When Josie finds Claire in the school bathroom suffering a painful miscarriage, the two high school juniors begin to rely on one another. Claire needs help, and Josie, repressing her own difficult memories of sexual abuse, agrees to keep Claire’s secret. Josie is surprised when she discovers just how much she has in common with the seemingly perfect Claire; they’re both miserable and hiding it.

Claire and Josie’s unlikely friendship sparks a chain of events that ultimately leads each girl to confront the secrets they’ve been keeping. As soon as Claire realizes that she became pregnant due to the blatant betrayal of her boyfriend, who made her believe he was wearing a condom when he actually wasn’t, she ends the relationship once and for all. When Josie breaks the final “Rule of Invisibility” and shares her darkest moment with Claire, Claire threatens to get help for her if she doesn’t do so on her own, which forces Josie to inform her mother about the night her stepfather raped her. Claire and Josie learn that facing life’s challenges can actually make you stronger and are surprised at the confidence they gain after doing so.

Invisible is a contemporary young adult novel, complete at 53,000 words.

I am a member of the SCBWI. I would be happy to send you Invisible. Thank you for your time and consideration.

Sincerely,

Dave said...

That's much better.
A suggestion: I don't think that you need this: "which include avoiding eye contact and speaking only when necessary. Things change for both girls when their worlds accidentally collide."

And I think that this: " Claire threatens to get help for her if she doesn’t do so on her own, which forces Josie to inform her mother about the night her stepfather raped her."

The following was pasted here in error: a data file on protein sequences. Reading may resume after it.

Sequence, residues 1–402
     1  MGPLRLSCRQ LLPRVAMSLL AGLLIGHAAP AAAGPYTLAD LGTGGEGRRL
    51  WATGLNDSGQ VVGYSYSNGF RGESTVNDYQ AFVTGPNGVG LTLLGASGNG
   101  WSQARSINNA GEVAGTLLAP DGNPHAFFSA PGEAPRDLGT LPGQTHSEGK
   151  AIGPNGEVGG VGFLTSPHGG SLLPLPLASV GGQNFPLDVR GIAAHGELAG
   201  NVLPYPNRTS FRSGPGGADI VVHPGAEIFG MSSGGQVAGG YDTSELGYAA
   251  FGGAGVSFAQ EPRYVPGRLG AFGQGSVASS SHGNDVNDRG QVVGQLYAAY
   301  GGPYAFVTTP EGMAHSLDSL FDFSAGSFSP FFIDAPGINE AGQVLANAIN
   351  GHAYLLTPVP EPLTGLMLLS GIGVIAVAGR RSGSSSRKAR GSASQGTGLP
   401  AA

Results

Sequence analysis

Could be: "Claire's efforts to help Josie forces Josie to confront her mother about the night her stepfather raped her."

Try those changes and see what you think. It reads very well as is, though.

I went through a relative having a baby at 16 y/o. It's not fun. I can't imagine what a miscarraige in the girls room would be like. WTF is a guy pushing sex on a girl of 15 for?

Robin S. said...

Hi author,

This sounds good.

I have a fifteen year-old daughter - the things kids her age deal with now are mind-blowing. And it doesn't matter what socio-economic group one's family falls into. It's there. As a teacher, I'm sure you already know this.

I've had to be a lot more blunt and open that I ever thought I'd need to be, to raise my daughters and help them through this labyrinth of a society.

I think the reason this theme is repeated in books, through different tellings, is because the story resonates.

Good luck!

By the way, EE - where I'm from - getting one's MA after beginning to teach is very common.

Bonnie said...

Love your avatar there, EE -- but don't you think maybe you're getting a little, er, thin?

author -- I ought to like this story. It's a genre I'm interested in and the story sounds like it's well told. But the query, even the revised version, left me thinking, "Didn't I just read this in Jodi Picault's last novel?" I didn't. I don't recall reading a novel with this same plot. Maybe that means you're onto a good thing, a story that tells the truth about what we already know and won't admit. But it might be a good idea to check to make sure your characters are archetypes, not stereotypes...

writtenwyrdd said...